I’ve played a Doom on each console cycle since the N64, and each time I go back to the series I’m always surprised by how little id Software changes the formula while managing to keep it feeling fresh and invigorating. Although this feels at home on current consoles, it will be instantly familiar to anyone who’s played Doom before. By sticking to its core identity and cranking the intensity up, id has raised the bar on how I want action-oriented first-person shooters to feel, and it’s going to be hard to go back to something with less adrenaline after my time with this heavy metal beast.
Disclosures: This game was developed by id Software and published by Bethesda. This review copy was obtained via paid rental and reviewed on the PS4. Approximately 14 hours were spent with the campaign and it was completed once. Multiplayer modes and a map-making mode exist, and two hours were spent between them.
Parents: Doom is rated Mature by the ESRB for: blood and gore, intense violence and strong language. Much like Dooms in the past, this one is extremely violent. Players use several firearms to kill demonic creatures and perform hand-to-hand executions for violent fatalities. Only players who don’t mind heavy blood, violence and dismemberment should play. I didn’t notice much language, but I’m not sensitive to it, either.
Deaf & Hard of Hearing: Doom has optional subtitles. No threat or damage indicators exist to warn players about enemies, and the when enemies are about to attack, the music gets louder and heavier. Growls without visual indicators for monsters offscreen are also important cues. Hard of hearing players will have to be extra alert for enemies just in case.
Controls: Y-axis inversion is available. Stick sensitivity sliders and several button layouts exist, but no complete custom controller mapping options are here on PS4.
Colorblind modes: No colorblind assistance is available.
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This almost exactly mirrors my impression of the game. It’s exceptionally well designed to foster a style of aggressive, rangy play that has been almost completely absent from consoles since the ascendance of Call of Duty. Unfortunately it shoots its WAD a bit early in terms of enemy variety and becomes a bit boring and repetitive in the back half. There’s a level-design problem too, as you note, but the primary issue is that there’s no new tactical adaptation to make. I also thought the bosses were a misstep. That said, it’s so fresh and exciting relative to the current… Read more »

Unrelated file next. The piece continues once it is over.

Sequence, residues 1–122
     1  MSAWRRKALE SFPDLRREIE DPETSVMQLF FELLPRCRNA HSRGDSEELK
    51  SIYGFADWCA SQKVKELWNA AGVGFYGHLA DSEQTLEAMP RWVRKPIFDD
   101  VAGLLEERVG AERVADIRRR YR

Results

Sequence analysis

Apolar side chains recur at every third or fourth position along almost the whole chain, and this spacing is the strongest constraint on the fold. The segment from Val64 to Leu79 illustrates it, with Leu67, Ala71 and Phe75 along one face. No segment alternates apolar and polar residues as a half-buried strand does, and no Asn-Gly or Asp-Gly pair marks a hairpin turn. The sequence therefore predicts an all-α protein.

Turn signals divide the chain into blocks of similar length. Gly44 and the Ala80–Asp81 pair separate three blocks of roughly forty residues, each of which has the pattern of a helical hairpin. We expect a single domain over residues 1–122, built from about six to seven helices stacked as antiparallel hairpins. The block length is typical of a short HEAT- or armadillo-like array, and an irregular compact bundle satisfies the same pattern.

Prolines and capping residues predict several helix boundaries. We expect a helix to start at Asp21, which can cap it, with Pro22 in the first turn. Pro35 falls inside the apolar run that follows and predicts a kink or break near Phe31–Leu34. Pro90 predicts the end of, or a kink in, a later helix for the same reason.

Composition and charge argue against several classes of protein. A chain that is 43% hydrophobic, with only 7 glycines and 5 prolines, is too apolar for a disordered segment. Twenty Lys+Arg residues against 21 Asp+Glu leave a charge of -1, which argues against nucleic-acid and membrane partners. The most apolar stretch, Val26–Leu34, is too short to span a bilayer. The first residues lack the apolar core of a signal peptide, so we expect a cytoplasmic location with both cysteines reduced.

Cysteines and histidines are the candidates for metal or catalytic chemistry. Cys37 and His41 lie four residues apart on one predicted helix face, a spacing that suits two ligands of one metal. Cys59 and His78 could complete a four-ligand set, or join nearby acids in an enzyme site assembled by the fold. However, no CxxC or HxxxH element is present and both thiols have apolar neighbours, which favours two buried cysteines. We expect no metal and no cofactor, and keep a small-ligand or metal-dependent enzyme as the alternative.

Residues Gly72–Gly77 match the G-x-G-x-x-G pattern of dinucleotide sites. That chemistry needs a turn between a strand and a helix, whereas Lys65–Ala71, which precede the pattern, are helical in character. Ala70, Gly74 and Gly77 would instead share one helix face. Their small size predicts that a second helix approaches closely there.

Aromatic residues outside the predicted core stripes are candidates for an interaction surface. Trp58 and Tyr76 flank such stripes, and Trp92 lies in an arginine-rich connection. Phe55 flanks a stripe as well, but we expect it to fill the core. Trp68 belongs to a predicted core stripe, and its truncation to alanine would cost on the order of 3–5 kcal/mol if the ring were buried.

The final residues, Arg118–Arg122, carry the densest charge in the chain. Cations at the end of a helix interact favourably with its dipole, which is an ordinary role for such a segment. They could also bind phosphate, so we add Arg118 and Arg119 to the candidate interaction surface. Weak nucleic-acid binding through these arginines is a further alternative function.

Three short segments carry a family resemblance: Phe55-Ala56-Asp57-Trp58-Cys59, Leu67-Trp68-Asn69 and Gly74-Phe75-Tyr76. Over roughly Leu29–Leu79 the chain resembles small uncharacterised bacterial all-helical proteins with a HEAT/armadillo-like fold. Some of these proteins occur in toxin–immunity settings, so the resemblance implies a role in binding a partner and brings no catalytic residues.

I’d say the melee fatalities are new and a bit annoying. Over all its good to see some elvel of fun back in the FPS genre. I really miss secrets and non corridor layouts in level designs..
Thanks Cory. The base combat is one of the most exciting, adrenaline driven and fast paced combat I’ve felt in a long time. It’s just too bad the structure of the encounter variety is sorely missing. It’s mostly either corridors with easy to kill enemies, or arena battles.( I played on hard mode ). Although in the arenas they do add new enemies and increasing number of enemies, and add some variety of geometry, corridors or climbable points, portals, jump pads etc, combat just feels too familiar overall. Areans are where the best and most intense action exists in the… Read more »
There is a colour blind mode on the PC. I’m not sure what it does but it’s there.
I just checked again on PS4 to see if I missed anything, and it doesn’t look like there are any colorblind options on the console version. Players can adjust gamma, motion blur amount, field of view and chromatic aberration (which deals with edge blurring on the field of view during movement, I believe). It’s possible the PC version got better visual optimization options that consoles didn’t, unfortunately. :/